Touch and sensation
Episode 15, 21 February 2018
Stroke can affect the way you experience the world around you, as well as the way you move.
Problems with perception, the senses of touch and temperature, numbness, pins and needles, and proprioception (the sense of where your body parts are and how they're moving), as well as sensory overload, can greatly affect your daily life. In this podcast, we talk about coping with sensory issues and what you can do about them.
Our guests are physiotherapist and researcher Professor Susan Hillier from the University of South Australia, stroke survivor Karen Bayly, and occupational therapist Kirsty Cole from StrokeLine.
Download the podcast transcript (RTF 264 KB)
Announcer: Welcome to the EnableMe podcast series, where we bring together stroke survivors, health professionals and researchers, providing you with practical advice to enable you on your journey to reclaim your life after stroke.
The advice given in this podcast is general in nature and you should discuss your own personal needs and circumstances with your healthcare professionals.
You can join the conversation at enableme.org.au. This series is presented by Australia’s Stroke Foundation, working to prevent, treat and beat stroke.
Chris: Stroke can change not only your ability to move, but the way you experience the world around you through your senses. Perception of touch and temperature, numbness, pins and needles, issues with proprioception, as well as oversensitivity and sensory overload, can really affect your daily life. In this podcast, we talk about coping with sensory issues and what you can do about them.
To help us with this, we have in the studio stroke survivor Karen Bayly, as well as occupational therapist Kirsty Cole from StrokeLine. Thank you both for coming in.
Kirsty: Thanks, Chris.
Karen: Thank you.
Chris: And on the phone we have Professor Susan Hillier from the University of South Australia. Susan is a physiotherapist and researcher with teaching and research interests in neuroscience and rehabilitation, and she's also a member of the Stroke Foundation’s Clinical Council. Thank you for joining us, Susan.
Susan: No worries.
Chris: Now, I'd like to start with you, Karen. You're no stranger to these podcasts, you were a guest on our very first episode talking about rehabilitation and neuroplasticity. Now in that episode, you told us your stroke story, but for now, could you just give us a brief recap of when your stroke happened and the initial treatment you received?
Karen: Thanks, Chris. Yes, I had my stroke eight years ago, and my children were aged three and two. There weren't any warning signs, and I had a massive stroke that caused complete paralysis in one side of my body. Ultimate testing showed that it was the result of a defect with my heart, so I got to hospital quickly, I received clot busting treatment to get oxygen back to my brain.
The paralysis in my face resolved itself quite quickly, and within about 12 hours I was up and walking. I had ongoing rehabilitation to do with impact on my balance, but I was walking, so initially that involved a lot of therapy to get my arm moving again.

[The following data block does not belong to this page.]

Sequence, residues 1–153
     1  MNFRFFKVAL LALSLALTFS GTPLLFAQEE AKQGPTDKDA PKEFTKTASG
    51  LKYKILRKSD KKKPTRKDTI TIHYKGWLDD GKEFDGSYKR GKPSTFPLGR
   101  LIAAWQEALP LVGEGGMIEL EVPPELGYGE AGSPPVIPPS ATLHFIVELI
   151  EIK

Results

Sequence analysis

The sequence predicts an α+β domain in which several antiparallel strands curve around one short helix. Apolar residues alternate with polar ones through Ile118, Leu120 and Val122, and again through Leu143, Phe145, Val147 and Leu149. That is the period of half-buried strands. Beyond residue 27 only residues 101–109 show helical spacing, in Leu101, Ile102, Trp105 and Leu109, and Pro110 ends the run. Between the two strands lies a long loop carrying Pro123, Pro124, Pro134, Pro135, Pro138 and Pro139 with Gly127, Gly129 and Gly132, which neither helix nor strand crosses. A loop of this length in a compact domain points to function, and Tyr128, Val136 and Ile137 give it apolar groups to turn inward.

Chris: Okay. When you recovered that movement, though, I understand that you still had some sensory issues that were ongoing. What was that like?
Karen: Okay, so eight years on I still have those sensory issues. I didn't know where my arm was. So things were happening while I was in hospital, like I would get up out of bed to walk across the room to go to the bathroom, and the bathroom door would hit me on the side of the head, and I would turn around and find that my arm was hooked around the door. So, I didn't have any sense of where my arm and hand were and what they were doing. I didn't have any sense of touch at all.
They do testing to see if you can distinguish between hot and cold, and I'm like, "Well, is anything even touching me?" And they also do testing to see if you can distinguish between sharp and blunt, and again it's like, "Well, is anything actually touching me?”
So, I think people look at a person who is able to move their arm and think everything is okay. But I describe it as a bit like being blind. Your eyes move, but they're not effective. So if you can move your arm but you have no idea where it is or what it's doing or you getting no touch feedback at all, then it's very limited ability to use it.
Chris: You recently talked about these kind of issues in a blog on EnableMe, and you also mentioned, though, the emotional impact of this sensory problem, how that was how that was intertwined with the physical effects. Can you tell us a bit about that?
Karen: Yeah, sure. I think many stroke survivors experience grieving, and for me the grieving was a lot around how difficult it was for me to do every little thing throughout the day: an inability to do my own hair, put on the jewellery that I wanted to do. To get myself dressed involved shutting myself in a completely silent room for 15 minutes, which, when you're parenting two pre-school-age children, is complex.
There was also grieving around how difficult it was to spend time with my children, just because of the impact of their busyness on my brain, and all of the things that I wanted to be able to do with them and for them that I was really struggling to do.
So, I made a decision early on that I was going to be high-functioning. I was going to return to work, I was going to be the best parent I could be, and I was being those things, but it was coming at the cost of really significant cognitive fatigue. By about five o'clock every day I truly had no emotional resilience left. My brain really was in shutdown point. You know, when you're living like that, life isn't very pleasurable.